The investment bank’s network reaches the White House, again.

Consider just this very partial list: Henry Fowler, Robert Rubin, and Hank Paulson, former US Treasury secretaries. Mark Carney, governor of the Bank of England. Mario Draghi, European Central Bank president. Malcolm Turnbull, prime minister of Australia. Bill Dudley, president of the New York Federal Reserve bank. Romano Prodi, former Italian prime minister. Josh Bolten, former White House chief of staff. Robert Zoellick, former president of the World Bank.

Before or after these men had their turn with the levers of power, they worked for Goldman Sachs. No other company can boast such an alumni network with anywhere near this level of influence on world affairs. It seems the pattern will be not be broken under a Trump administration. The president-elect has tapped Steven Mnuchin, a former partner at the investment bank, to be his Treasury secretary.

Put aside, for a moment, the political implications of Mr Trump’s choice. There are good reasons why Goldman has the network it does, and there are reasons to be glad a Goldmanite will be in the cabinet. It is very hard to succeed at Goldman. Those who do tend to be hard working and competent, and to have a good understanding of financial markets.

Goldman Sachs is also, in a broad sense, moderate. Its alumni take roles in parties of the right and left. Its economists tend to be Keynesian and respectable. Goldman people take care to understand how the system works, and try to keep it working. Doing anything else would be a serious obstacle to profit. All of these characteristics make them useful to the executive branch.

Mr Mnuchin is not, it must be said, a Goldmanite of anywhere near the rank of Mr Rubin or Mr Paulson, who were co-chair and chief executive of the firm, respectively. Mr Mnuchin rose to chief information officer before striking out on his own as an investor in banks and films. But he is a natural choice for Mr Trump, who in selecting deputies has overwhelmingly favoured people he trusts and who were vocal supporters of his campaign — starting with his strategist Stephen Bannon, another Goldman alumnus. Mr Trump is a property developer and reality TV star. A New York banker turned movie producer fits perfectly.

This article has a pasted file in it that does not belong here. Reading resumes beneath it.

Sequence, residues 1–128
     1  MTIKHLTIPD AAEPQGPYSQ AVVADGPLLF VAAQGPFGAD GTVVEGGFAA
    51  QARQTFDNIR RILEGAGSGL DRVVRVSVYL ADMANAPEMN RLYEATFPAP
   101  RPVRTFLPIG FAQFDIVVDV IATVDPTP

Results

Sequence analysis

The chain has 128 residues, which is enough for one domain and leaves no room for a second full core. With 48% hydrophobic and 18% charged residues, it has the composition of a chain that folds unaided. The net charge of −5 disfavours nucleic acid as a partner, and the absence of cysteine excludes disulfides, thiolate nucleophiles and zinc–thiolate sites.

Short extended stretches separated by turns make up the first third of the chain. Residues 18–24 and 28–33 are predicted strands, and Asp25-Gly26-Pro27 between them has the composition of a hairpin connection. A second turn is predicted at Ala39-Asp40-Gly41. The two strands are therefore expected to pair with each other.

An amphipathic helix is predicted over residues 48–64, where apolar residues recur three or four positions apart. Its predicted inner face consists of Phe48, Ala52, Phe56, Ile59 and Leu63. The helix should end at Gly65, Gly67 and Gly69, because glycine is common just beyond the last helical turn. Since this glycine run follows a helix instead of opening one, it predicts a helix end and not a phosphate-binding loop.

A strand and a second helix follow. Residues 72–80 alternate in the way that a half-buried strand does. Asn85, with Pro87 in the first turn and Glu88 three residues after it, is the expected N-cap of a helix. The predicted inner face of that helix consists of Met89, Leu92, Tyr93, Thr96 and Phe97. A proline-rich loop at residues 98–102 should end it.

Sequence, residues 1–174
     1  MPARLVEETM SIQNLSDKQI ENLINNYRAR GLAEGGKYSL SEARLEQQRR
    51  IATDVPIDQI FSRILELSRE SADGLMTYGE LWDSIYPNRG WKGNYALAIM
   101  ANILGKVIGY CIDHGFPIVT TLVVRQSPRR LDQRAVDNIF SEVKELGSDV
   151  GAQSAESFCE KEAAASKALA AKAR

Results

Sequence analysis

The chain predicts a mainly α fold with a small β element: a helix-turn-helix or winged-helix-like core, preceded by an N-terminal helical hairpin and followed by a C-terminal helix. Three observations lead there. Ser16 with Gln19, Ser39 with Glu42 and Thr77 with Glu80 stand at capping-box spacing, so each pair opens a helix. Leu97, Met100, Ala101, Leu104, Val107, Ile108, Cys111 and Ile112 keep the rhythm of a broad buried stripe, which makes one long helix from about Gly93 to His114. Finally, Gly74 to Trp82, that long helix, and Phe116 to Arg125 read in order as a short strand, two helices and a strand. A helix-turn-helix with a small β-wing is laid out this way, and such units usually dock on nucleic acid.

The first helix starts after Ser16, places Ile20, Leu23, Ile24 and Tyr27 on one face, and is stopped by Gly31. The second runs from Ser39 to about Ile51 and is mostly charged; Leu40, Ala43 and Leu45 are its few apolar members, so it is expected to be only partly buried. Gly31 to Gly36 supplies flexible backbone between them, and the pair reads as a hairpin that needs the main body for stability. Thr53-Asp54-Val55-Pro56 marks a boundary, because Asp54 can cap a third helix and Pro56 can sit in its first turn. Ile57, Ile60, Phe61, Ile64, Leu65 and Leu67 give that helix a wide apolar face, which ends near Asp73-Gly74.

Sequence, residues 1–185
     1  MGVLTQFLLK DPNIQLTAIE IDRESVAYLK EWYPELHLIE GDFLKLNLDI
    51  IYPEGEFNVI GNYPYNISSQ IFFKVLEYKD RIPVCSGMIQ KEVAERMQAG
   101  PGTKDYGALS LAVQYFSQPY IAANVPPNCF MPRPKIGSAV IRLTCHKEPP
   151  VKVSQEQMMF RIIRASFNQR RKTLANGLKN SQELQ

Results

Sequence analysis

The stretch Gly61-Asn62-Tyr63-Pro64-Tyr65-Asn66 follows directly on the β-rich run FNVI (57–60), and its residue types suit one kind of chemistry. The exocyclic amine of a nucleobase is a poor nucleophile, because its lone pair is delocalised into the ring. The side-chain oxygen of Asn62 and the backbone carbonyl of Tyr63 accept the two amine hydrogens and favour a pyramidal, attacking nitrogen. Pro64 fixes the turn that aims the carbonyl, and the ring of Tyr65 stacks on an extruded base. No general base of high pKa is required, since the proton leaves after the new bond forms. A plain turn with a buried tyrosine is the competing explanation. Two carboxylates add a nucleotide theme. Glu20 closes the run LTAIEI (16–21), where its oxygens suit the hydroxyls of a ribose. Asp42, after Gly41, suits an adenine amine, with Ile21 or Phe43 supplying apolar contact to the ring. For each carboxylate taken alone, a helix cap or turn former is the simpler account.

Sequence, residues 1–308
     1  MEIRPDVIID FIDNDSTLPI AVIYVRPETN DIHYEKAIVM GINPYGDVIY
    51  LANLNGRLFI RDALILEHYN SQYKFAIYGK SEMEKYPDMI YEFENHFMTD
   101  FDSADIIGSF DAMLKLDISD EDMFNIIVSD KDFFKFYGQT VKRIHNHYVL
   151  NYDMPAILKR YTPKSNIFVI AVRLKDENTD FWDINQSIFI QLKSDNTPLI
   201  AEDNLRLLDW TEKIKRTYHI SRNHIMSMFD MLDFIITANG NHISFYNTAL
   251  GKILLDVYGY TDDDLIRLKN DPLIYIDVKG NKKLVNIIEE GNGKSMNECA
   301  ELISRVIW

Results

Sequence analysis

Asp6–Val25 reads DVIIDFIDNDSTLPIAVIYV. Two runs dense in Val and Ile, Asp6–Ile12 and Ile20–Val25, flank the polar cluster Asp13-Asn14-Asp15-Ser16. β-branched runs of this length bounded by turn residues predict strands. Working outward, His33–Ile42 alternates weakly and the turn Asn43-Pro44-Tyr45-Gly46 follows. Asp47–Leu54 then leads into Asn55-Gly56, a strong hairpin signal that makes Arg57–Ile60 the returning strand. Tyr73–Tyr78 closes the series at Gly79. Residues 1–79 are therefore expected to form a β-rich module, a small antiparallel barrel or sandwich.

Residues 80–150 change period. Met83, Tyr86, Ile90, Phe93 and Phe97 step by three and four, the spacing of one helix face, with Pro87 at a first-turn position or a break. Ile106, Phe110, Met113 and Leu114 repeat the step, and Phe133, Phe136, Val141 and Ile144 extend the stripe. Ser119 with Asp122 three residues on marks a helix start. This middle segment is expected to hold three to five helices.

The president-elect’s opponents on the left argue that Mr Trump’s embrace of Mr Mnuchin and assorted other billionaires is a betrayal of the working-class voters who gave him the presidency. On the campaign trail Mr Trump took aim at hedge funds and bankers “getting away with murder” and criticised Hillary Clinton for giving speeches for Goldman Sachs. His actions make nonsense of his rhetoric.

This liberal indignation fundamentally misunderstands the Trump phenomenon. If working class Trump voters had a problem with billionaires, or with the president-elect’s casual approach to facts, they would not have voted as they did.

They heard Mr Trump’s fundamental promise on growth and jobs, and his withering disdain for the niceties of the liberal elite. That was enough. That his tough talk about the financial elite was empty posturing will cost him nothing politically.

That does not mean Mr Trump and Mr Mnuchin will have a free ride. They will have to deliver the growth and the jobs. Although they will be handed a US economy in rude health, the goals they set out remain ambitious. The Goldman reputation for hard work and competence will be tested. If things go wrong this time, though, the world’s most powerful professional network will, without any doubt, have another chance in the next administration.

By FT View